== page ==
Farting geese and the spirit of Christmas: Andy Edwards reviews Johnny McKnight’s deliriously silly and subversive panto.
‘Joyful sincerity’: Pete Kirwan writes on an earnest, escapist panto that brings the 12th century into the 21st.
Dances with difference: Aniqah Choudhri reviews Cathy Marsten and Arthur Pita-choreographed ballets for the all-PoC company Ballet Black.
Real stories: Tracey Sinclair on Open Clasp’s nuanced, heartfelt play looking at life after prison, based on the story of its real-life mother and daughter cast.
Skirting around sharp edges: James Varney reviews an all-male production of Jean Genet’s The Maids which doesn’t quite deliver on its promises.
“Be a mother to another”: John Murphy writes on Akeim Toussaint Buck’s engaging and accessible solo dance piece on the diasporic experience.
‘Meeting after meeting, difference after difference’: Andy Edwards reflects on a triple bill of Estonian contemporary performance in Glasgow.
Gift shop Frida Kahlo: Lilith Wozniak writes on Deborah Antoinette and China Blue Fish’s sketch show, and asks what we want from feminist theatre.
‘I hope for better stories than these’: Tracey Sinclair writes on the prevalence of violence against women as plot device in her review of She Production’s devised play.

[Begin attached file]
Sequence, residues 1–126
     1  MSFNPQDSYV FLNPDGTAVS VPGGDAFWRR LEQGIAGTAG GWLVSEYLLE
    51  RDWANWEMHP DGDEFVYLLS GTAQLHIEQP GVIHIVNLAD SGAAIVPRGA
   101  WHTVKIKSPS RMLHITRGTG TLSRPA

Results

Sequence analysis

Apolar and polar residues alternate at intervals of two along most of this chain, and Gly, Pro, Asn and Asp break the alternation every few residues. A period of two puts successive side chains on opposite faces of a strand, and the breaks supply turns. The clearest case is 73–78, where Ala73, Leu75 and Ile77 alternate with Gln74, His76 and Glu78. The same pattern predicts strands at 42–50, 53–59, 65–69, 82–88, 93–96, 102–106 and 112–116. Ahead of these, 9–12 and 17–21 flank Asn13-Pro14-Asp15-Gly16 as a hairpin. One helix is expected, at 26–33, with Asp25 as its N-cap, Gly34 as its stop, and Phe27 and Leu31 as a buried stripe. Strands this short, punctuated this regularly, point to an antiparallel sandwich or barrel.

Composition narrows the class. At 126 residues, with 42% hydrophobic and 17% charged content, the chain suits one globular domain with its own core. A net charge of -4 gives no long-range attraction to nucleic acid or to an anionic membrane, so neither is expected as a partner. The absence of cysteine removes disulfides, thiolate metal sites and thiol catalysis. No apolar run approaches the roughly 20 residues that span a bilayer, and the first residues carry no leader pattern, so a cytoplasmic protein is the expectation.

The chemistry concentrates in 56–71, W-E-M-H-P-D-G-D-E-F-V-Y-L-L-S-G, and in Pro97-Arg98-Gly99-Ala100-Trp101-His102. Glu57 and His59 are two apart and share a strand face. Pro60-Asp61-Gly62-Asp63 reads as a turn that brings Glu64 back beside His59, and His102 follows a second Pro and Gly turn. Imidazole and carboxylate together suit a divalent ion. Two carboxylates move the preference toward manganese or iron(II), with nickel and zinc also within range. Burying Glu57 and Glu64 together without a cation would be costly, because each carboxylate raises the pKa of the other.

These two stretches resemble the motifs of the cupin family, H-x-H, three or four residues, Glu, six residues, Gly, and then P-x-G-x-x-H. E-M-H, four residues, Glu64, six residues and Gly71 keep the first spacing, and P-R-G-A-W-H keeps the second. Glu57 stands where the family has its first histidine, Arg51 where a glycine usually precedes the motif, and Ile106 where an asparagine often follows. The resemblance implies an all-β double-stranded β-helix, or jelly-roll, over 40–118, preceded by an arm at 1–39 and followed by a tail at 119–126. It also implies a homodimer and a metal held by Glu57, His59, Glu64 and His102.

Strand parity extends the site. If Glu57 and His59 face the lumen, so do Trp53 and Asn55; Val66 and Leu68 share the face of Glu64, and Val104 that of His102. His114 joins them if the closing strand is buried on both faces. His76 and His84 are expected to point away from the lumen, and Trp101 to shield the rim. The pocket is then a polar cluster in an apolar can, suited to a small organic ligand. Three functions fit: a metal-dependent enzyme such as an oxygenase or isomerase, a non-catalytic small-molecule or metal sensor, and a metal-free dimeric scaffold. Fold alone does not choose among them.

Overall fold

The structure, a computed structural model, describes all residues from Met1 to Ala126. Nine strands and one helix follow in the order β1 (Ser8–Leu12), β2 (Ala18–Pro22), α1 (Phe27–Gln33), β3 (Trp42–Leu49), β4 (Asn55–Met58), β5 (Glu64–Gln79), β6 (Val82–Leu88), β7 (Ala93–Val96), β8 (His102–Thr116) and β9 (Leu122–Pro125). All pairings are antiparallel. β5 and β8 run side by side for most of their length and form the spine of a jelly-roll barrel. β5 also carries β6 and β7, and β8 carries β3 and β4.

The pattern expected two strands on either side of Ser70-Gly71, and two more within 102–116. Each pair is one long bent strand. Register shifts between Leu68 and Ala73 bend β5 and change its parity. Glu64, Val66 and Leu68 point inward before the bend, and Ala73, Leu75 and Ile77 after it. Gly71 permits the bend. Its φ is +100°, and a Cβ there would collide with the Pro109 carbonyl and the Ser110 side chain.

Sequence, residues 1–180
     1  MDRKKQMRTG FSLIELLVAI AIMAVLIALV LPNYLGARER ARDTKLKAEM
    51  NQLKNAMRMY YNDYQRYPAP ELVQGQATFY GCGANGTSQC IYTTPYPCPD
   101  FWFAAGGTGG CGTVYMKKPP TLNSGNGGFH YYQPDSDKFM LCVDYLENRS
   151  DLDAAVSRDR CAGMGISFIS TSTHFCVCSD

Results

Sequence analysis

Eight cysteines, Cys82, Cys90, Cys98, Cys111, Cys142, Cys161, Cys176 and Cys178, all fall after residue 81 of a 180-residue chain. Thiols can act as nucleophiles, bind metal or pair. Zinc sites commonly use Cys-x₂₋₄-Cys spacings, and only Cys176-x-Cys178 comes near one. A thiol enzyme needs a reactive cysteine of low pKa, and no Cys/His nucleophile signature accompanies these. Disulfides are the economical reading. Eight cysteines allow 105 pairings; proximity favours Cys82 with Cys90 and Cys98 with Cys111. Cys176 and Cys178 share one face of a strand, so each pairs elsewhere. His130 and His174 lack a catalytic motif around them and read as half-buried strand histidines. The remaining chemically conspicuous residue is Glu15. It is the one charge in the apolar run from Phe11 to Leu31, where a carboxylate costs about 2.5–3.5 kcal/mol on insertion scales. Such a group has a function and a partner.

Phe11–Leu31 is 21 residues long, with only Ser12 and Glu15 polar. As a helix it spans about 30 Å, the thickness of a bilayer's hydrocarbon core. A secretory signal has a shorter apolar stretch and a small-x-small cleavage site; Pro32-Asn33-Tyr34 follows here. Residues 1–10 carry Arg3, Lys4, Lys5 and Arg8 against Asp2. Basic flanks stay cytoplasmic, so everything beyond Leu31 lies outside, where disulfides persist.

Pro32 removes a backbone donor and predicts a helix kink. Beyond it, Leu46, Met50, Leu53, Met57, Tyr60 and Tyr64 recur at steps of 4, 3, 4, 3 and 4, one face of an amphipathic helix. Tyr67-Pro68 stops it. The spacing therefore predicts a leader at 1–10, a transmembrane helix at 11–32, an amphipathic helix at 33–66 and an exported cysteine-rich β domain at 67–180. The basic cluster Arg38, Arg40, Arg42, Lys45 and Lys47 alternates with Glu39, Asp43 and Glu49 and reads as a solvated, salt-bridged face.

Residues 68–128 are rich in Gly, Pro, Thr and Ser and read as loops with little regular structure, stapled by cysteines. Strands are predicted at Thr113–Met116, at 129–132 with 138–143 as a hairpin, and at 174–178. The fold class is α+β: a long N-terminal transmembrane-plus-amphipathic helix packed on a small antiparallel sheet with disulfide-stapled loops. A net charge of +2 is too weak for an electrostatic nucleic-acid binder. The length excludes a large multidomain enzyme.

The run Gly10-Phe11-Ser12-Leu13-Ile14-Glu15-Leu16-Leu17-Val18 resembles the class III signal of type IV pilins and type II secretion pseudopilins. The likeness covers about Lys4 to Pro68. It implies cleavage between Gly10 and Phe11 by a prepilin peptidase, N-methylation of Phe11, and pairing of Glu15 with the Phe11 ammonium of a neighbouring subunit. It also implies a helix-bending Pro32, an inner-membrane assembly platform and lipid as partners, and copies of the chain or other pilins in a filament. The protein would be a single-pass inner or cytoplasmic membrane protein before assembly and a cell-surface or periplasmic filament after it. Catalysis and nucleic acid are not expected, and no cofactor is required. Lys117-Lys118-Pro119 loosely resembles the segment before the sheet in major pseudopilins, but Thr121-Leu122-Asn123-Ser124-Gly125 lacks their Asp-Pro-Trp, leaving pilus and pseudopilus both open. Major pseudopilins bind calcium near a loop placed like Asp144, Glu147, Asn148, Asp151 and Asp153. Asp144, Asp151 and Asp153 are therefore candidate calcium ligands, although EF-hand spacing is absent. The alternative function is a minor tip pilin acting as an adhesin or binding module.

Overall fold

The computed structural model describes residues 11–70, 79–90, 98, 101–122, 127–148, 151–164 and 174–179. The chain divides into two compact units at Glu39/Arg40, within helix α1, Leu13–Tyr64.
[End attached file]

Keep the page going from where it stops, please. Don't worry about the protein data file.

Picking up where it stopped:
A broad brush: Louise Jones finds this adaptation of Jane Austen’s novel yields uneven results.
Holding fiction to account: Peter Kirwan writes on the representation of madness in Nottingham Playhouse’s revival of Alan Bennett’s play.
‘Shiny baubles’: Tracey Sinclair reviews Elayce Ismail’s production of Dylan Thomas’s radio play.
‘A myth sceptical of myths’: James Varney writes on place and ownership in Chris Thorpe’s cycle of contemporary Mystery plays.
A mushrooming community: Ava Wong Davies writes on the intimacy and kindness of the works at this year’s instalment of performance art fest SPILL.
‘Joy in solidarity’: Louise Jones writes on Phoenix Dance Theatre’s celebration of the human stories of the Windrush generation.